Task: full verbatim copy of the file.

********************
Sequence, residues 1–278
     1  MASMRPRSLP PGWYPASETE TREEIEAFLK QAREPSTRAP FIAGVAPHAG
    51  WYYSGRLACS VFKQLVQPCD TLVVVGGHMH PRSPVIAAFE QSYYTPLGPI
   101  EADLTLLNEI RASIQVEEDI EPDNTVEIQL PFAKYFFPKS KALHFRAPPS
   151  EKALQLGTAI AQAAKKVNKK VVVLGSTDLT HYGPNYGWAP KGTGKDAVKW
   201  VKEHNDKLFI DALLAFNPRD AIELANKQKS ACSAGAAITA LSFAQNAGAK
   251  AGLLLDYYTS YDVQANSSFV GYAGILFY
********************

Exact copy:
Sequence, residues 1–278
     1  MASMRPRSLP PGWYPASETE TREEIEAFLK QAREPSTRAP FIAGVAPHAG
    51  WYYSGRLACS VFKQLVQPCD TLVVVGGHMH PRSPVIAAFE QSYYTPLGPI
   101  EADLTLLNEI RASIQVEEDI EPDNTVEIQL PFAKYFFPKS KALHFRAPPS
   151  EKALQLGTAI AQAAKKVNKK VVVLGSTDLT HYGPNYGWAP KGTGKDAVKW
   201  VKEHNDKLFI DALLAFNPRD AIELANKQKS ACSAGAAITA LSFAQNAGAK
   251  AGLLLDYYTS YDVQANSSFV GYAGILFY